Laurence Sterne's Life
Laurence Sterne was born in 1713 in Ireland.
 He graduated at Jesus College.
 Postgraduate he became vicar in
 In 1741 he got married with Elizabeth Lumley and they had
two children.
He started his career in 1759 when
he published a pamphlet called A
Political Romance.
 His two masterpieces are: The Life
and Opinions of Tristram Shandy,
Gentleman; A Sentimental Journey
through France and Italy.
The Life and The Opinions of Tristram Shandy,
The story is about the mad
Shandy family and their friends.
The main protagonist is Tristram,
full of vitality humour and interest
in sexual matters, who is also the
narrator. All the characters are
eccentric to say the least:
Tristram father has a passion for
conversations with snatches from
all fields of learnings; his uncle
has a mad passion for military
fortifications; other characters
include Dr Slop, an incompetent
Laurence Sterne is considered the
first writer to use the stream of
consciousness technique.
 The plot is non-existent.
 Sterne takes advantage of every
opportunity to introduce personal
thoughts, considerations and
 His digressions even consist of
graphic jokes like empty or marbledesigned pages, a whole chapter
composed of only one word Alas!,
written in bigger letters, pages of
lines and dots and dashes only!
 Clock time is abandoned for the
psychological time.
 Another aspect oh his originality lies
in the attention he gives to detail, like
A Sentimental Journey through France and Italy
A Sentimental Journey,
published in 1768, consists in a
description of his travel through
France, expecially in Paris, and
Italy, where he visited Milan,
Rome, Florence and Naples.
 He shows the impossibility to
describe the enormous chaotic
things that form people's life.
 One of the topics of this novel
is the isolation of the man, the
difficulty to communicate with
other people.
 Sterne thinks that everyone is
obsessed by his own “hobby
horses” .
The novel starts with a
sentence took by the
middle of a conversation:
They order, said I, this
matter better in France,
and go on even if we don't
know who is the narrator,
where he is, what he is
doing and what id the
matter of the conversation.
Moreover, the novel don't have a real conclusion, it finishes with : So
that when I stretch’d out my hand, I caught hold of the Fille de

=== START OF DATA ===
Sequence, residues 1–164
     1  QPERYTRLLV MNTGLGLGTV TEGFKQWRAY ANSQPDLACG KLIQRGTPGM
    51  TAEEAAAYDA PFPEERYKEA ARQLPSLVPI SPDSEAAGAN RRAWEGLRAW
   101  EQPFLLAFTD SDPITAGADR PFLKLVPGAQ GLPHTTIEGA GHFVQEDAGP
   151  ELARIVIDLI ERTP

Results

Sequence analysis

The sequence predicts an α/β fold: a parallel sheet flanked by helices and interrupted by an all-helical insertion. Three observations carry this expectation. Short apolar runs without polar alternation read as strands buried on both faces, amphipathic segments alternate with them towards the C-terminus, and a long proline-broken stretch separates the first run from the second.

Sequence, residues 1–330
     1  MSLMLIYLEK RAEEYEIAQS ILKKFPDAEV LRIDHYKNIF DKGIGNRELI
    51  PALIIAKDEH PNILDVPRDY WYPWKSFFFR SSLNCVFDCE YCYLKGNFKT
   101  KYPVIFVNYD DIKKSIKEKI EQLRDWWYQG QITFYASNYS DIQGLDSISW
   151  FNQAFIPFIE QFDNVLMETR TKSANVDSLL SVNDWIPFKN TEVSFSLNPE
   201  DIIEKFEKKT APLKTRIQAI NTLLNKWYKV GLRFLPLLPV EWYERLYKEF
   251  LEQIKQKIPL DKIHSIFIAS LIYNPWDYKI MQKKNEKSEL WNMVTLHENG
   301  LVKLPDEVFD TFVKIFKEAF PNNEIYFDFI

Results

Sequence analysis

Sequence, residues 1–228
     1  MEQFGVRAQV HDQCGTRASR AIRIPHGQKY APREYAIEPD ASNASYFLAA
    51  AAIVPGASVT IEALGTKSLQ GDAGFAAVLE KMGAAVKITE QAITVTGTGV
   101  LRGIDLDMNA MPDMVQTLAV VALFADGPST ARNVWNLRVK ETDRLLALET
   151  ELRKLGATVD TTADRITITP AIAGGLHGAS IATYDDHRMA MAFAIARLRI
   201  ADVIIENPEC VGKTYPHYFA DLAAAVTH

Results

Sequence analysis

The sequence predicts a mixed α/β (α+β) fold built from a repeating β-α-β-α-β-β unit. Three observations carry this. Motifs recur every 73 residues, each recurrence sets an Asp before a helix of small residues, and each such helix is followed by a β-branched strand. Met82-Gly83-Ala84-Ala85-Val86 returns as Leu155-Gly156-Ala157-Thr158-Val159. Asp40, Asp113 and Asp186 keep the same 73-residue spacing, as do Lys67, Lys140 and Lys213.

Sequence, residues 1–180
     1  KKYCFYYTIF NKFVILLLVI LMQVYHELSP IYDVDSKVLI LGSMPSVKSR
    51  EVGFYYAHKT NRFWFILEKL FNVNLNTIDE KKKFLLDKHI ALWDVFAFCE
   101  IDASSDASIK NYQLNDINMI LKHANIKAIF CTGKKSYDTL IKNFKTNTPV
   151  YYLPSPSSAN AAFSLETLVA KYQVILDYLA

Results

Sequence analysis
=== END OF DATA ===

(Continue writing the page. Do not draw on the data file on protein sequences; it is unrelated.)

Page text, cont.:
Chambre’s. In this way, we don't know who is the subject and we
don't know how the story real finishes!
Quotations from Tristram Shandy and A Sentimental Journey:
I wish either my father or my mother, or indeed both of them,
as they were in duty both equally bound to it, had minded what
they were about when they were then doing.( Tristram Shandy
"Pray, my dear," quoth my mother, "have you not forgot to
wind up the clock?" — "Good G—!" cried my father, making
an exclamation, but taking care to moderate his voice at the
same time, — "Did ever woman, since the creation of the
world, interrupt a man with such a silly question?" ( Tristram
Shandy )
Tis known by the name of perseverance in a good cause —
and of obstinacy in a bad one. ( Tristram Shandy )
They order, said I, this matter better in France. ( A
Sentimental Journey )
Avrei voluto che mio padre e mia madre, o in verità
entrambi, poiché entrambi erano tenuti a farlo, pensassero a
quello che facevano quando mi hanno concepito.
Scusate, mio caro, disse mia madre, non avete dimenticato di
ricaricare l'orologio?——Buon D—! esclamò mio padre,
lasciandosi sfuggire un'imprecazione, ma avendo l'accortezza
al tempo stesso di non alzare troppo la voce——. Quando mai
una donna, dalla creazione del mondo ai giorni nostri, ha
interrotto qualcuno con una domanda così sciocca? E che
cosa stava dicendo vostro padre?——Niente, naturalmente.
È nota col nome di perseveranza quando si tratta di una
buona causa, e di testardaggine quando la causa è cattiva.
«A questo in Francia si provvede meglio» diss'io
Ma questo c'entra come i cavoli a merenda perché ne parlo? Chiedetelo alla mia penna è
lei a dominarmi, io non la domino.

presentazione sterne